The Baronian_Francey gallery has the enormous pleasure and honour of announcing the exhibition of works from the latest series to date by Gilbert & George: Jack Freak Pictures.
In this latest series, which contains the largest number of pieces so far, Gilbert & George continue to explore themes that have been precious to them for a number of years. For them, everything concerning life is a potential subject for their art. In these recent works they have continued to break down the rules of social propriety with a calmness and a detachment that are very English.
In these images, the English flag, the map of the district of East London (Fournier St.) where their studio is located, trees, graffiti and medals are all subjects from which they draw an intriguing and universal narration. As very often happens in their work, the artists are once again protagonists of the pieces. Their faces and their bodies appear in numerous images. Thanks to computer processes they are represented in a stylized and often distorted way in a metaphor of human beings attached to their social, religious and sexual norms. Some of these new pieces make the images explode into fragments before melting them down again into new fascinating kaleidoscopic shapes mixing the monstrously grotesque with an ornamental jumble reminiscent of sacred art.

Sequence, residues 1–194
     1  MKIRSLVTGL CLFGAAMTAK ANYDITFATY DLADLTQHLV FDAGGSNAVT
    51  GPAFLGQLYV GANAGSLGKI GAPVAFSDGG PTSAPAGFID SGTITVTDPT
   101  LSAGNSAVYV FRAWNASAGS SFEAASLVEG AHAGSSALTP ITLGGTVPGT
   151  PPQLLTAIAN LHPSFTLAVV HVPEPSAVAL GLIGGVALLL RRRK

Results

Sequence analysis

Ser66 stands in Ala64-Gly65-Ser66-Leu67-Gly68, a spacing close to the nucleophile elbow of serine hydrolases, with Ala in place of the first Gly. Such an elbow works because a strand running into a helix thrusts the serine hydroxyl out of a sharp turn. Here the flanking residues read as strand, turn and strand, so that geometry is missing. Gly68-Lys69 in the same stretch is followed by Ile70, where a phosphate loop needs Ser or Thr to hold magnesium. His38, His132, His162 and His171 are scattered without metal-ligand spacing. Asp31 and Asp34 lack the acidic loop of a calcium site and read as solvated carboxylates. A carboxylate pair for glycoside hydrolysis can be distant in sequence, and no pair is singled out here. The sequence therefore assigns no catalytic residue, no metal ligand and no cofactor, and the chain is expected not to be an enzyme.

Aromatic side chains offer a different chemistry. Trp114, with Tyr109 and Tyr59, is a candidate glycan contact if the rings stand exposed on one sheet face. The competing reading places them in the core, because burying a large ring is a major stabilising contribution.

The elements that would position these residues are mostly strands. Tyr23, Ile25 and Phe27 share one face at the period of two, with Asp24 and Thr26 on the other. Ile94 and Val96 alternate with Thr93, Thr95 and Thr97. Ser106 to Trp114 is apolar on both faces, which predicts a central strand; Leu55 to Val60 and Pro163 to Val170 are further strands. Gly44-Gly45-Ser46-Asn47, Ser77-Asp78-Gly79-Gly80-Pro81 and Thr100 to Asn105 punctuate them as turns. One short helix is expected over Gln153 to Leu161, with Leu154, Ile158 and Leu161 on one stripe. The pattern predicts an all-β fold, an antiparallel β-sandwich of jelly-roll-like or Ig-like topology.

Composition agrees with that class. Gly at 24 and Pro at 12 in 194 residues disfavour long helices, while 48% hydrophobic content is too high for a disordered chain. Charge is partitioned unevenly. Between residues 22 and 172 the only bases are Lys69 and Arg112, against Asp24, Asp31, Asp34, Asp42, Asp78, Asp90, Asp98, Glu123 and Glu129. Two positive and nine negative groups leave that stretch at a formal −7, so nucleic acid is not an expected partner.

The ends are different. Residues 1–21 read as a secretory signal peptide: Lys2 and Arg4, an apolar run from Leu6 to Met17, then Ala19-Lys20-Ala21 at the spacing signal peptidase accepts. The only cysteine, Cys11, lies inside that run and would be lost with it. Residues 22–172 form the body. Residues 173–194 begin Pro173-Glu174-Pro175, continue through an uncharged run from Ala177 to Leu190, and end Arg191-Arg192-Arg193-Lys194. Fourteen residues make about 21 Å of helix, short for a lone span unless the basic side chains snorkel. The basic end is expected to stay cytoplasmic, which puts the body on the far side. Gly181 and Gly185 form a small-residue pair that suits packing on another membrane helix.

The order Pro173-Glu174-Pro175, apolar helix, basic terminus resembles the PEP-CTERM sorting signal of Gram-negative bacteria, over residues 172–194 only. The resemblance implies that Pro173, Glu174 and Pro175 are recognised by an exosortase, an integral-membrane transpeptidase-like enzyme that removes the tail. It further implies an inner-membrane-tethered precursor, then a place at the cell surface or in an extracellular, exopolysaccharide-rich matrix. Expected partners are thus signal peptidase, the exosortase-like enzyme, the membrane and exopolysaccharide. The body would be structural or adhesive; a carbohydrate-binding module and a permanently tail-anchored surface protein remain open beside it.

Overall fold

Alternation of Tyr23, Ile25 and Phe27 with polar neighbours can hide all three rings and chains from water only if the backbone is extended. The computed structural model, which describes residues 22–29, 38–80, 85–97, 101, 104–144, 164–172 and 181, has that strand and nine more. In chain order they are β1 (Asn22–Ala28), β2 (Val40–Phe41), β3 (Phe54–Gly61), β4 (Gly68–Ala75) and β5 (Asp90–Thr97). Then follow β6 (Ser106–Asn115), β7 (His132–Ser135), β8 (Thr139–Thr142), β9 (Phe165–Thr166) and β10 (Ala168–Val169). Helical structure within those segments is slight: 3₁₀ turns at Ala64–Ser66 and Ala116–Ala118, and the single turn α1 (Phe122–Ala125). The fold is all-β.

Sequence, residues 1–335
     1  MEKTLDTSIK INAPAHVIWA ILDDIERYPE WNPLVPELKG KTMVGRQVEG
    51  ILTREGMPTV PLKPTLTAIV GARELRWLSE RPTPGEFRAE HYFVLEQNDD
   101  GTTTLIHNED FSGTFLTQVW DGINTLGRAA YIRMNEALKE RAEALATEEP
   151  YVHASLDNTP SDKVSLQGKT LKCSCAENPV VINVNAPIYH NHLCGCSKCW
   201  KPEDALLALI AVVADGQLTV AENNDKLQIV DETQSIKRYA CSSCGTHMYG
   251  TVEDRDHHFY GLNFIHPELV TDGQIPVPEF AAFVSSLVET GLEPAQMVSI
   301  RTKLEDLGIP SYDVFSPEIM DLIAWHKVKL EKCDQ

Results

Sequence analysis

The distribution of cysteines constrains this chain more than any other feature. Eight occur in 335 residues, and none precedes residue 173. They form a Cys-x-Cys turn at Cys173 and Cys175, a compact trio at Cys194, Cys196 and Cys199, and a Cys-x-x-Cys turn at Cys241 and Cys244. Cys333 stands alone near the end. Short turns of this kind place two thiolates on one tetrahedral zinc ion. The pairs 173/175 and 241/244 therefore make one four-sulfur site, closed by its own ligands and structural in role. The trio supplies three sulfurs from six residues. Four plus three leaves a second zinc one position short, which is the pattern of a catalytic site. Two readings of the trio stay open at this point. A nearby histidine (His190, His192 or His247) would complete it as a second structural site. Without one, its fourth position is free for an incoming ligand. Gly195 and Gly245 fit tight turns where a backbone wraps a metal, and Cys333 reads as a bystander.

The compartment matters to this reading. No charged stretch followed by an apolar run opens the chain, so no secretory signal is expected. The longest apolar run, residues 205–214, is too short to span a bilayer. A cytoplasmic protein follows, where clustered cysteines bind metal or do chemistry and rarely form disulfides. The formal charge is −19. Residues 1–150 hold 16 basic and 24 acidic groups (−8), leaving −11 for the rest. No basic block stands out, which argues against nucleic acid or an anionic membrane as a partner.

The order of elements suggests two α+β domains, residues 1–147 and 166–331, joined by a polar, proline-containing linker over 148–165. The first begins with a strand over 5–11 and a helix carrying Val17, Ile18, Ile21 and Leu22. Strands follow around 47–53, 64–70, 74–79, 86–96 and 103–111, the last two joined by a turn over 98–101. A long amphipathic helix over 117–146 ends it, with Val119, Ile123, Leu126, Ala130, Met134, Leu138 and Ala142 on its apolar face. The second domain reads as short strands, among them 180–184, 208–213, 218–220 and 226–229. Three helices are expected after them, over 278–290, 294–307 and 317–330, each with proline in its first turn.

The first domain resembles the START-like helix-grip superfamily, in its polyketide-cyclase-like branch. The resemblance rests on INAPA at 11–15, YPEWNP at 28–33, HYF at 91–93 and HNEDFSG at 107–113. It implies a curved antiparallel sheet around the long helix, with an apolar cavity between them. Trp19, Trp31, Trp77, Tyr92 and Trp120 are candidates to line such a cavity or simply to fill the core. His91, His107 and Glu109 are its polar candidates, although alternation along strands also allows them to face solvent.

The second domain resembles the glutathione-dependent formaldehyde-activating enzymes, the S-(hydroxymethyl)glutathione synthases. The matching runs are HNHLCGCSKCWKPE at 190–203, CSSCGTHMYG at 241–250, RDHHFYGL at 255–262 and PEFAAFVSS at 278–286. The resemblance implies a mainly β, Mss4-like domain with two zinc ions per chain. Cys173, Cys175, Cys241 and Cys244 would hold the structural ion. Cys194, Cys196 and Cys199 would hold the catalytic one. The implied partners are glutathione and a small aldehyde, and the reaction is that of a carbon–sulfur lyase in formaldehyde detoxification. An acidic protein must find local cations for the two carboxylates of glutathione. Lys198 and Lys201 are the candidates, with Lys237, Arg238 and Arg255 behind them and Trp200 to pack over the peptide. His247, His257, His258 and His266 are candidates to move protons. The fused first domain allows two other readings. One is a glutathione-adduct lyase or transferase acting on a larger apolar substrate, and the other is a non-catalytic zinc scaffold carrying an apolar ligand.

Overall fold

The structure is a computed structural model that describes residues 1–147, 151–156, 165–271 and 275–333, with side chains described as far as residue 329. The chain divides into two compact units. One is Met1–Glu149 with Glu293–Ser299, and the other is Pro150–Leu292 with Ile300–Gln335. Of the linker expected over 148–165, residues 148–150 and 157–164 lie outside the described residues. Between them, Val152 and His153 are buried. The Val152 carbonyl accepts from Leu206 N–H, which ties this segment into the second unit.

Gilbert, born in 1943 in Italy in the city of San Martino, and George, born in 1942 in Devon, England, met in 1967 in the sculpture courses of Saint Martin’s School of Art at Oxford. For more than 40 years, they have lived and worked together in London, the two making up a single artist, Gilbert & George.
In 1969 they created their first Singing and Living Sculptures in which they were simultaneously subject and object, refusing to separate their performances from their everyday life. By this act, they revolutionized the very practice of sculpture.
The first black and white photographs appeared at the beginning of the 1970s: large photo-montages consisting of panels geometrically divided into rectangular boxes defined in black in the style of stained glass windows. It was these photos that brought them international renown.
Around the end of the 1970s, they decided to introduce the colour red into them, and in the 1980s the colours evolved, as yellow, pink and blue made their appearance, while the imagery became more complex and the levels of meaning multiplied. These photos generally contain portraits of the artists themselves and are an opportunity to turn taboo subjects such as sexuality, race, religion, national identity, politics, etc. into irony.
During the last few years their retrospective has travelled in Europe and the United States, from the Tate Modern in London to the Brooklyn Museum of Art in New York, appearing also at the Haus der Kunst in Munich, the Castello di Rivoli in Turin, the Milwaukee Art Museum, the de Young Museum in San Francisco, and the Philadelphia Museum of Art. In 2005, they represented Great Britain in the Biennale of Venice.